The call came as such and the patriots obliged.
Menelik’s forces were well armed with modern weaponry. They numbered more than 100,000. Menelik, however, shrewdly downplayed this military strength by leaking false reports indicating a much smaller number of troops under his command and by spreading rumors that there was widespread discord among his forces.
The number of those in the Italian army who were killed is estimated to have been more than 6,000, of whom slightly more than half were Italian; the remainder were askari forces (African troops hired and trained by the Europeans). Additionally, between 3,000 and 4,000 of those fighting under Italian command were taken prisoner by the Ethiopians. Perhaps as many as 70 percent of Italy’s soldiers were thus killed or captured. More than 5,000 Ethiopian troops were killed and 8,000 wounded in the battle—a number greater than Italy’s losses, but a small percentage of all Ethiopian forces.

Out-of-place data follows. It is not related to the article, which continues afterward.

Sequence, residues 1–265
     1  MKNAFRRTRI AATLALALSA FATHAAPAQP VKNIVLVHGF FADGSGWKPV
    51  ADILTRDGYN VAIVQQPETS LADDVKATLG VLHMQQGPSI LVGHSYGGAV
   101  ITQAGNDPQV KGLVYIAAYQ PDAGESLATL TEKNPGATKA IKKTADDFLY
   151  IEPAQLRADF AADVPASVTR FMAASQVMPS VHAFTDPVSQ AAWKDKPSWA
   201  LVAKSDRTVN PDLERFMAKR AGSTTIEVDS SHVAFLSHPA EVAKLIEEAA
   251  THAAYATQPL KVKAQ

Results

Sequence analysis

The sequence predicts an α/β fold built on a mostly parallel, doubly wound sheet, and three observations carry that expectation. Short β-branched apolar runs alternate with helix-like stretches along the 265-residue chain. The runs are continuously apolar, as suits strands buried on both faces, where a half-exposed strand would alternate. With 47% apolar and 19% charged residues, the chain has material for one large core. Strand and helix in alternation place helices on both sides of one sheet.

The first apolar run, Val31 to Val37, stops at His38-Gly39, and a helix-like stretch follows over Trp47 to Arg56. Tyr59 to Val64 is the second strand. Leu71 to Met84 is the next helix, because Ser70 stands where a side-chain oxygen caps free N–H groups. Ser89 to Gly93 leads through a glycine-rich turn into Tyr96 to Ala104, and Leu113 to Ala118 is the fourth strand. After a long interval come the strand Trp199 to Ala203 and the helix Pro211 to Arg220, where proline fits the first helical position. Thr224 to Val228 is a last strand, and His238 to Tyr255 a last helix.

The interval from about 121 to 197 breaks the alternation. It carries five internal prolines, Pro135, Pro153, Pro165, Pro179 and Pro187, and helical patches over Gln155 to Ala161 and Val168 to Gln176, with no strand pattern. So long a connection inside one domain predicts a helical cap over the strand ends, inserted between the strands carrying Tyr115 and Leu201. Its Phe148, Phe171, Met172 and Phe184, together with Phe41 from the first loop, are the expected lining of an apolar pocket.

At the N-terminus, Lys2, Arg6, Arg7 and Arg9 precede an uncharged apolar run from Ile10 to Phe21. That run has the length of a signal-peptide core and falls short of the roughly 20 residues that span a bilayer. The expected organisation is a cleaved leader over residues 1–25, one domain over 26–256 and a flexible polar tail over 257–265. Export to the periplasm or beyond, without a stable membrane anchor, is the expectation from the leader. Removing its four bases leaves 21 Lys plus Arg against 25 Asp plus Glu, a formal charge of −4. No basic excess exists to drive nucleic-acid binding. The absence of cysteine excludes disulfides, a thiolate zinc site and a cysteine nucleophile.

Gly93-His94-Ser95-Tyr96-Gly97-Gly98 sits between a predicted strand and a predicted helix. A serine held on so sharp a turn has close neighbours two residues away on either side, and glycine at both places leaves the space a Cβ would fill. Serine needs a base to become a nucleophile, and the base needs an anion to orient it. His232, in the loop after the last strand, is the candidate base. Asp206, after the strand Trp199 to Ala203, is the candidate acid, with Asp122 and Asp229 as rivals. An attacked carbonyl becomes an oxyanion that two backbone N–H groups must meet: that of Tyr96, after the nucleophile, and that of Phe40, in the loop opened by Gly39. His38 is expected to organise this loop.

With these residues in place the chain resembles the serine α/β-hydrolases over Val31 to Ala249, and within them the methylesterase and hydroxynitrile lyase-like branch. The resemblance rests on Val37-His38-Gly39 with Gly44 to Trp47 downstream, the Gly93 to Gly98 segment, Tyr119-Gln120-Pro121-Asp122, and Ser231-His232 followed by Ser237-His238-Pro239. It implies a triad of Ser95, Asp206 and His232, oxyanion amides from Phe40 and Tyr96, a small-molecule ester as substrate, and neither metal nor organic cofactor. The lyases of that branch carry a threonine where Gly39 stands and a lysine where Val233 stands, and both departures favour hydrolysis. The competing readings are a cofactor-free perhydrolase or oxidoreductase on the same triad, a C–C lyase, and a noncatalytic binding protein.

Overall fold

The Treaty of Addis Ababa, signed in October 1896, abrogated the Treaty of Wichale and reestablished peace. The Italian claim to a protectorate over all of Ethiopia was thereafter abandoned, and the Italian colony of Eritrea, finally delimited by a treaty of peace (September 1900), was reduced to a territory of about 200,000 square km (80,000 square miles).
Menelik’s victory over the Italians gave him significant credibility with the European powers, bolstered his mandate at home, and provided the Ethiopian kingdom with a period of peace in which it was able to expand and flourish, in contrast to most of the rest of the African continent at that time, which was embroiled in colonial conflicts.